But when we have a look at the way the referees are selected from the different parts of the country we see that the Belgian FA tries to do this in a fair way for both parts.

In Belgium we have around 60% of the people who speak Dutch (Flemish), 40% speak French and we also have a very small minority of around 0.7 % who speak German.

So from those 21 refs we have 7 Fifa refs. 3 Speak Flemish and 4 speak French. From the other non-fifa refs we have 8 who speak Flemish and 6 who speak French. And if we put all of them together we have 11 refs from the Flemish part of the country and 10 from the Walloon part of the country.

If we put that in percentage terms we get some 52% Flemish speaking refs and 48% French speaking refs. Not really completely in line with what we should get if we would divide it strictly but that is also the norm for everything in Belgium so we are already happy to have more than 50% of the refs who speak Flemish. It used to be completely different some 30-40 years ago.

But looking at those numbers it shows that the Belgian FA is trying to do their best to make sure that all parts of the country get their fair share of referees and that nobody has to feel discriminated against.  They try to keep the balance between the different parts of the country as balanced as can be.  And there is no difference between the way the laws on the field are interpreted by the refs from the different parts of the country. They all get the same instructions and explanations.

A balance that is completely missing if we look at the referees who do the PL matches.  As has been shown before no refs from a part of the country that has around one third of the population in England is somehow very strange and bizarre.  I wonder what would be said if people in that third of the country would have a green skin…. Would this be ignored then as it is now?

Football organisations should be alert to any possible discrimination and now it looks as if people from the London area and the South of England are not taken seriously by the people who have the power in the referee land of football. In my country our FA is doing all they can to make sure nobody has to feel discriminated against and is doing a rather good job (still plenty points to criticise them for the rest though…). So why can’t the English FA, the PGMO and the PL look in to this possible discrimination of referees from London and the South of England?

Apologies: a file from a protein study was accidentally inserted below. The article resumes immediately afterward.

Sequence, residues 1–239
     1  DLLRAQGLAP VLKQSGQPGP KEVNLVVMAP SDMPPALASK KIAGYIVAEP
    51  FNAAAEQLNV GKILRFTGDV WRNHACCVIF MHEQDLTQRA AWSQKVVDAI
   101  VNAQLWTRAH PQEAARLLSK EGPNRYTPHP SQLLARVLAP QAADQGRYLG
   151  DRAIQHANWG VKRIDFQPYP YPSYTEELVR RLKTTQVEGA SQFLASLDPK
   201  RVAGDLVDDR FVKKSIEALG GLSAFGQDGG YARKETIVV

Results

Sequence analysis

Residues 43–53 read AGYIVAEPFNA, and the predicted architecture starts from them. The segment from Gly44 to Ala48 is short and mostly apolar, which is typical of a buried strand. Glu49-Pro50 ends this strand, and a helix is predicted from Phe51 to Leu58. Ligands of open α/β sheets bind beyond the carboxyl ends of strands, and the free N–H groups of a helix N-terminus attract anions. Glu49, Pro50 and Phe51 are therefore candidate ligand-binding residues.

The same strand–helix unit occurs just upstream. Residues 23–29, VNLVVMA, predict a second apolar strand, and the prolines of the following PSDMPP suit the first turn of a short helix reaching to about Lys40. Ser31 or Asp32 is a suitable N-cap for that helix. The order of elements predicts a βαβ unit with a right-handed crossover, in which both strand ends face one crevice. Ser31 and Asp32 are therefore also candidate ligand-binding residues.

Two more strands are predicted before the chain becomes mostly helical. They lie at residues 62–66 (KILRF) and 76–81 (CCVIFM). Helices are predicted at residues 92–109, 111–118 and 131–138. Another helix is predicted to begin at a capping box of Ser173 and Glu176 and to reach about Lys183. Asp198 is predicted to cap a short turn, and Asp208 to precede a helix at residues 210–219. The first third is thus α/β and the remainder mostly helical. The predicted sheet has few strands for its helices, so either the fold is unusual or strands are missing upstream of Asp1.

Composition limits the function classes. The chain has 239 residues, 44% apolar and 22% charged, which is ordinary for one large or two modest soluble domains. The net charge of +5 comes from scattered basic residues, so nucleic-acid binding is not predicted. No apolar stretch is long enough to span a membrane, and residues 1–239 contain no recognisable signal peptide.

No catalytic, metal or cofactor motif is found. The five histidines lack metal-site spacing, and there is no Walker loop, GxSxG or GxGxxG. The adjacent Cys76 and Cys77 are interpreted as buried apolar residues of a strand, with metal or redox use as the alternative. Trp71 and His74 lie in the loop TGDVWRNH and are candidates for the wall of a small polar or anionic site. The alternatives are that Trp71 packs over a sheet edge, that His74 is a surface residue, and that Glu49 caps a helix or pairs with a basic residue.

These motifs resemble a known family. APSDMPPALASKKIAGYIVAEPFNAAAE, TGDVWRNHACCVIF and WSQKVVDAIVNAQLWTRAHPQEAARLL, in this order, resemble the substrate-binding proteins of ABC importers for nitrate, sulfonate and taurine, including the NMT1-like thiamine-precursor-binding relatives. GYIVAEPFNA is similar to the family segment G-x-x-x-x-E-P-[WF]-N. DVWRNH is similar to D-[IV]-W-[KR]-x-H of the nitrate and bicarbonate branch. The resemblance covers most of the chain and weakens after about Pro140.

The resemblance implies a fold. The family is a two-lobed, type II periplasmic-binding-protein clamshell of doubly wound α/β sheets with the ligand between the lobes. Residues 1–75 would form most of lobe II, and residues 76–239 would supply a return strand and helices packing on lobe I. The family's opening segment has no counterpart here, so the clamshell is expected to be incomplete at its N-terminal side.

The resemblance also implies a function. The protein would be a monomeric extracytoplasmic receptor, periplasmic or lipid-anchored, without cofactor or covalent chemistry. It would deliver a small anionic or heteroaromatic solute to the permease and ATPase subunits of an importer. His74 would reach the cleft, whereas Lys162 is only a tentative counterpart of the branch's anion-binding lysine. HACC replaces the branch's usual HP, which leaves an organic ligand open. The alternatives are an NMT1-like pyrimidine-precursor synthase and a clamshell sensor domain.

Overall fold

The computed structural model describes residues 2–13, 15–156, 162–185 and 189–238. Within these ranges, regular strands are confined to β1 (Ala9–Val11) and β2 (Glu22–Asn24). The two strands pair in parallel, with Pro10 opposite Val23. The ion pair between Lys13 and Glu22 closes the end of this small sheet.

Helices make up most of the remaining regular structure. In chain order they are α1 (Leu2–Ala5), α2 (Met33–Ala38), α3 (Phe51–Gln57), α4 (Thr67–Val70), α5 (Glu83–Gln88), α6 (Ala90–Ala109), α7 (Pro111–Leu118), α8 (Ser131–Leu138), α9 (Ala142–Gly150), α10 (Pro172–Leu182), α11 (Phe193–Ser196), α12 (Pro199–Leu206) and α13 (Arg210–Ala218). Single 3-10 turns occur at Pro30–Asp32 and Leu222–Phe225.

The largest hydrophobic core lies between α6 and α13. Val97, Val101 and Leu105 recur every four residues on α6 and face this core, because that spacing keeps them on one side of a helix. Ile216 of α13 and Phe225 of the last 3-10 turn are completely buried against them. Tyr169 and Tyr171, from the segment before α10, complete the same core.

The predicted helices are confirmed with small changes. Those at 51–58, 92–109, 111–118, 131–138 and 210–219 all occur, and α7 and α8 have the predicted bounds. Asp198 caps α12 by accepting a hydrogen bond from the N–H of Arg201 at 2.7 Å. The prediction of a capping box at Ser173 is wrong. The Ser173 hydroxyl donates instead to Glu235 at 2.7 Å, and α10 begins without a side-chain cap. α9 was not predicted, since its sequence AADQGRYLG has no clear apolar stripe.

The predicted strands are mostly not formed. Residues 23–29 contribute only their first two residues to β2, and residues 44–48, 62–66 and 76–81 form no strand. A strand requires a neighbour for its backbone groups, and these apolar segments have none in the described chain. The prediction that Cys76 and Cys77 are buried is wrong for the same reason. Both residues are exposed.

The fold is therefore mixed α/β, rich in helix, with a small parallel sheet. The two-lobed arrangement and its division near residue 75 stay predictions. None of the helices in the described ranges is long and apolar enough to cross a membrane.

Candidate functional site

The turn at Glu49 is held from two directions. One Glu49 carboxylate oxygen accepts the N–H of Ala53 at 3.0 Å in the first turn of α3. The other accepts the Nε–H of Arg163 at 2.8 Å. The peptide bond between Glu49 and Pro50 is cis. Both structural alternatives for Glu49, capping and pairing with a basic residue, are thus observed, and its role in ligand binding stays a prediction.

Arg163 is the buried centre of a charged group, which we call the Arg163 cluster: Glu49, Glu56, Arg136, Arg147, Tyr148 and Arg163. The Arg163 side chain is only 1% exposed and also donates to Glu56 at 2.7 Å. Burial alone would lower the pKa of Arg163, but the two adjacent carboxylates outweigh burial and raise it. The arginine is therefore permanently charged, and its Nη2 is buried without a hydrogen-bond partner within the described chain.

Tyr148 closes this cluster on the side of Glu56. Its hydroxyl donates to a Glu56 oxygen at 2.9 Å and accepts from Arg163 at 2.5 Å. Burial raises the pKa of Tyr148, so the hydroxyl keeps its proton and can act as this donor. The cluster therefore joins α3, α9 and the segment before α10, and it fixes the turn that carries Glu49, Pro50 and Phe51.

More anniversaries…

  • 10 December 1932: Arsenal 4 Chelsea 1, the West Stand (costing £45,000) opened by Prince of Wales (although it had been used by the public for several games before this). This game was part of a 20 match sequence in which Arsenal lost 2, drew 2 and won 16.
  • 10 December 2006: Chelsea 1 Arsenal 1 – the first meeting after Cole’s acrimonious transfer.  Cole is quoted as saying, “It’s never been about money.  For me it is about respect”.

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16 comments to Discrimination among referees: it does not have to be done this way

  • Andy Mack

    I suspect that a few of (maybe most of) the Belgian refs are actually pretty bilingual.
    We usually have one of the 4 officials to translate for Geordie refs … (it a joke!… possibly a bad one, but a joke!).

  • Usama Zaka

    Nicely structured article Walter. Its good to see Belgium is keeping it fair for all people involved in refereeing.